Is that socially just?
Enter the social market economy: the state makes adjustments, supports here, controls there. This is politically desirable. The state can’t dictate wages; they have to come about freely. But it can make it a political goal that someone must have a fair minimum wage – and then top up low wages with support services so that low wage earners and their families can live.
So the pure market economy wouldn’t allow for fair wages?
Prominent economists such as Friedrich von Hayek have seen it in that way. The paradox is that, as a buyer, every participant in the market follows the motto “tight is right” and is after the newest TV for the cheapest possible market price. On the labor market, on the other hand, he wants to be protected against competition in every possible way. That the economy no longer asks where someone comes from, whether he professes the “true faith”, whether he has the permission of his sovereign – this is the great progress over the feudal system such as still sometimes prevailed even into the nineteenth century.
“Fair” isn’t an economic criterion?
At bottom, it isn’t an economic goal – there are people who slave away twelve hours a day and still can’t live from their work, and others who hardly raise a finger and still earn more than enough. That doesn’t mean fairness has no meaning in the economy. It’s certainly a relevant factor, namely when employees feel their income is unfair and therefore quit inwardly, work less, are less committed to the goals of the business.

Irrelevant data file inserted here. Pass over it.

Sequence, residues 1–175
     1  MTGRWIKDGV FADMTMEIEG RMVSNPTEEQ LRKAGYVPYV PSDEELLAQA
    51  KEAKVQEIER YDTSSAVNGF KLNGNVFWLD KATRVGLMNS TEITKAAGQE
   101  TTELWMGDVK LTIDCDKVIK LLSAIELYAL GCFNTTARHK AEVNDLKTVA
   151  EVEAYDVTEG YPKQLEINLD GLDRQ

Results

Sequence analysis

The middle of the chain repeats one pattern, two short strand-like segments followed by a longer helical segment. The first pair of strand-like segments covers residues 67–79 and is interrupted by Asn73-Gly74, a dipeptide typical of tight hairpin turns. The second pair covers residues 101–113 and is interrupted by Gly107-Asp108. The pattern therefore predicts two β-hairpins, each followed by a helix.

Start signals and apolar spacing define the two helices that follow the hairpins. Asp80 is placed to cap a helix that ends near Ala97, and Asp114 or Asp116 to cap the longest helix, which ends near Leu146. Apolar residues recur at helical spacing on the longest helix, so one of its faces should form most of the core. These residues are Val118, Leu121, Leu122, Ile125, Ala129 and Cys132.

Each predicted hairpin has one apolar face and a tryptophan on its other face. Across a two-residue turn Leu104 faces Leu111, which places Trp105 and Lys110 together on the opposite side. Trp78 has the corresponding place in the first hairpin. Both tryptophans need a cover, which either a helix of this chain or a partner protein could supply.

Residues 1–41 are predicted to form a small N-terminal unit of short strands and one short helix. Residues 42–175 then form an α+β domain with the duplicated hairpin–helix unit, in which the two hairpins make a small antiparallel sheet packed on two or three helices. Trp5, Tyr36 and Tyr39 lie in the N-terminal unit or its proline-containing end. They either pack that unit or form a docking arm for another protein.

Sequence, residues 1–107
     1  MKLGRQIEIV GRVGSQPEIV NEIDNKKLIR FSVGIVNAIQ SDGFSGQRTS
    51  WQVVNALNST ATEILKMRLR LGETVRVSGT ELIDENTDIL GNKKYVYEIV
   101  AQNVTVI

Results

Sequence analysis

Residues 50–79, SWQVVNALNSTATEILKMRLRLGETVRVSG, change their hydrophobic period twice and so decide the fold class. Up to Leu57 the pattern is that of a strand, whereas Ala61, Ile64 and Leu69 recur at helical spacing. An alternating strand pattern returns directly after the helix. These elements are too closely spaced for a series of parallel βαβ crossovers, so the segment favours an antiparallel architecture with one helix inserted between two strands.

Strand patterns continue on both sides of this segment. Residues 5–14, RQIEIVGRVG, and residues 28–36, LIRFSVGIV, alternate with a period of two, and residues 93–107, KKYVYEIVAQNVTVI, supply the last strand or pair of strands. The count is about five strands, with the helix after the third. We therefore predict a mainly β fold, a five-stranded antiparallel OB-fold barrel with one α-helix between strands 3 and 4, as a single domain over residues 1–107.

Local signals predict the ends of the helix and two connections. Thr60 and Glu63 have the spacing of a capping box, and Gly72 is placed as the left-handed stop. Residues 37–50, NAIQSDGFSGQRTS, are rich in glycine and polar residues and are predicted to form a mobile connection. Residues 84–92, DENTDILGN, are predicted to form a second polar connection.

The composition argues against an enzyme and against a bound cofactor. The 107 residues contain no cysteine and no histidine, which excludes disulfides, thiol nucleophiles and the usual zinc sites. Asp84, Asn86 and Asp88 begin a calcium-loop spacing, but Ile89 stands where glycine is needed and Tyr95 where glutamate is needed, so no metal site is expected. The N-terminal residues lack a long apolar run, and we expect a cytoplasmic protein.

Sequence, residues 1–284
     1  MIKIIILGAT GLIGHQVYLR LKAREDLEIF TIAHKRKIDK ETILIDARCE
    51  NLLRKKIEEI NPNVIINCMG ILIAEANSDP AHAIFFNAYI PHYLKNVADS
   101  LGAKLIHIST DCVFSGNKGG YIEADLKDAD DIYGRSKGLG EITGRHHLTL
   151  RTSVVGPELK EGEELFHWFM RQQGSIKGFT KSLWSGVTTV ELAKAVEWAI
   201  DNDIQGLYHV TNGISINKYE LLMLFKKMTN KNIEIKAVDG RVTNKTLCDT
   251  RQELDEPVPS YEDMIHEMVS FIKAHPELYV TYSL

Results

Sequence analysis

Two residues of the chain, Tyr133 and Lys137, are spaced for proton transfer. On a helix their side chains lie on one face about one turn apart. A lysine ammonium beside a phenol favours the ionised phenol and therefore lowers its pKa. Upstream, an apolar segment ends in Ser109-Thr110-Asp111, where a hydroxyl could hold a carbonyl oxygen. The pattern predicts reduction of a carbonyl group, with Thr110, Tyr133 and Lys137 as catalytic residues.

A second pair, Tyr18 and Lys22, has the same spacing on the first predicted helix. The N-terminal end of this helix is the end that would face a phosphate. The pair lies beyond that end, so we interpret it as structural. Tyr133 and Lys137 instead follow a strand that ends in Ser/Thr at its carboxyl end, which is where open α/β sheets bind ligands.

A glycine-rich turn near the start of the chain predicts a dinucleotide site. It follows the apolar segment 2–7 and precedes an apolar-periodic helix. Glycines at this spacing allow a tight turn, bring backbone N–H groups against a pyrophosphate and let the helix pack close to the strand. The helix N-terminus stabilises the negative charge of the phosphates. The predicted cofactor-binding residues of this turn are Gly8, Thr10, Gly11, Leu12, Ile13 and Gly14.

Can we put a lid on high incomes?
Of course, that happens regularly with top rate taxes – when they bite and the taxpayer hasn’t already fled to a tax haven. But companies will never cap salaries; they pay their top people what those people can demand on the market.
What do you think of an “unconditional basic income”?
We did a survey in 2002 on the idea of an unconditional, performance-independent income. The result: the vast majority of respondents rejected it because it undermines the achievement principle. The tenor was “Those who don’t work shouldn’t get anything”. However, behind the idea of an unconditional basic income is a not unreasonable consideration: if the state were to distribute money without reference to the person and without any examination, the entire social bureaucracy would vanish. The whole complicated Hartz IV administration would dissolve into thin air. It would have to be worked out whether the money then saved would be enough to finance a basic income.
Are you satisfied with your income? Yes, I’m satisfied with my income and think it’s fair.
conducted the interview. He is a freelance journalist in Berlin and director of a press and PR agency.
Translation: Jonathan Uhlaner
Copyright: Goethe-Institut e. V., Internet-Redaktion